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Reinforcement of Kurds in Kobani Not Enough

© Sputnik / StringerIslamic State fighters stand along a street in the countryside of the Syrian Kurdish town of Kobani, after taking control of the area October 7, 2014.
Islamic State fighters stand along a street in the countryside of the Syrian Kurdish town of Kobani, after taking control of the area October 7, 2014. - Sputnik International
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According to Hawar Shawki from the Kurdish National Congress of North America, the deployment of Peshmerga fighters from Iraqi Kurdistan to the Syrian border town of Kobani will reinforce the besieged Kurds, but still more forces are needed to put an end to a war with the Islamic State militants.

NEW YORK, November 2 (RIA Novosti) — Although deployment of Peshmerga fighters from Iraqi Kurdistan will reinforce the besieged Kurds of Kobani, more help is needed, Hawar Shawki from the Kurdish National Congress of North America, told RIA Novosti Sunday.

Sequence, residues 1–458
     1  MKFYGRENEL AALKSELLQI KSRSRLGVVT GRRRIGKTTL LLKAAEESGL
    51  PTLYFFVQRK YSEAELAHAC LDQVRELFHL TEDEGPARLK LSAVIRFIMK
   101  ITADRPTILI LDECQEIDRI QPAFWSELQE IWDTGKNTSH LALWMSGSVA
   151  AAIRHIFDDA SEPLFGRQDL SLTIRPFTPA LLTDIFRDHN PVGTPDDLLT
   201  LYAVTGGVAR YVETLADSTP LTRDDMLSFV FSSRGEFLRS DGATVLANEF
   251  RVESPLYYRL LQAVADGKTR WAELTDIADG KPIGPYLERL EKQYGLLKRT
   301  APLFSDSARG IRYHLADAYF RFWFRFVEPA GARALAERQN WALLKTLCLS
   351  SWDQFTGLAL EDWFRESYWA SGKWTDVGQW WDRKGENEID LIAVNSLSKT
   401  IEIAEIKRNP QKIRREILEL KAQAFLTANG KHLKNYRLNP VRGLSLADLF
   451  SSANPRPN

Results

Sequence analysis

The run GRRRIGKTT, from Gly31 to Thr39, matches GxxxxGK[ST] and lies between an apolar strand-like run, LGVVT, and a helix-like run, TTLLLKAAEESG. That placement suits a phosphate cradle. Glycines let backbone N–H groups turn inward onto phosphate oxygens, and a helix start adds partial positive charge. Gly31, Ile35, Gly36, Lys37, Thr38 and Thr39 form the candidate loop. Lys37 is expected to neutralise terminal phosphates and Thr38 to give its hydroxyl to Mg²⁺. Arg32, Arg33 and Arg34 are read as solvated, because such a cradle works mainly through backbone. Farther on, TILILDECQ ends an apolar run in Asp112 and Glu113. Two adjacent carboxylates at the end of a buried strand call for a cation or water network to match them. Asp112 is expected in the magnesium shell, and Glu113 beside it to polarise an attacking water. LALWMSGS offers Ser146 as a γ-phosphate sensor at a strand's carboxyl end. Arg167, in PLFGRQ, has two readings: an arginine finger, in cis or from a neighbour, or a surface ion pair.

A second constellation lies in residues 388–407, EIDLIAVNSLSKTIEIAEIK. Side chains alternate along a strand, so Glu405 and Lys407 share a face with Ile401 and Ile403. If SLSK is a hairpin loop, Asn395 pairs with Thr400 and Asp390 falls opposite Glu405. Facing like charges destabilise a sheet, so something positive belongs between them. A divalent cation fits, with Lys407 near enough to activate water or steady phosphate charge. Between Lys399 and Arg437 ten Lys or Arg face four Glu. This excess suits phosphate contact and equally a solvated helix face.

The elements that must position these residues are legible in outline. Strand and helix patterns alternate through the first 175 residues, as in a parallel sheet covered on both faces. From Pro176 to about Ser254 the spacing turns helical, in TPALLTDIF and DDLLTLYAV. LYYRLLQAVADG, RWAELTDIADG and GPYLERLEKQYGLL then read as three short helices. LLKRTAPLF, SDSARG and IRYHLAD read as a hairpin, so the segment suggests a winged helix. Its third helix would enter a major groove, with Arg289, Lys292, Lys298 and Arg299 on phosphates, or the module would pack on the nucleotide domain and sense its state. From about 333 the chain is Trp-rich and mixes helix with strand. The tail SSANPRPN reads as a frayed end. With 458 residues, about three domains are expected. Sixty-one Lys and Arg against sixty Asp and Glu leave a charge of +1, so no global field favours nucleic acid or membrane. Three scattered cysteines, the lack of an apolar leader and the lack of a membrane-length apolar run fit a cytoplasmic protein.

"We hope with the Peshmerga forces along with their fellow Kurdish forces will help to bring an end to the fighting with Islamic State in Kobani," Shawki told RIA Novosti.

"We still want the international community to ramp up its military support for the Kurdish fighters and bring stability to the region," he added.

On Friday night Peshmerga fighters from Iraqi Kurdistan started entering the Syrian border town of Kobani to help the local Kurdish population fight against well-armed Islamic State fighters, according to the Syrian Observatory for Human Rights.

For the past seven weeks Kobani, also known as Ayn al-Arab, one of the largest towns in the Kurdish region of Syria bordering Turkey, has been under attack of the Islamic State militants.

The Islamic State is a Sunni jihadi group that has been fighting the Syrian government since 2012. In June 2014, it launched an offensive in Iraq, seizing vast areas in both countries and announcing the establishment of an Islamic caliphate on the territories under its control.

Kurds are one of the ethnic groups in Iraq and Syria that have suffered greatly from Islamic State violence.

In September US President Barack Obama announced his decision to form an international anti-IS coalition. Washington extended its airstrikes against the militants into Syria, while continuing airstrikes against the group's targets in Iraq. Obama said the United States would arm and equip Kurds, Iraqis and Syria's moderate opposition in an effort to eradicate the IS.

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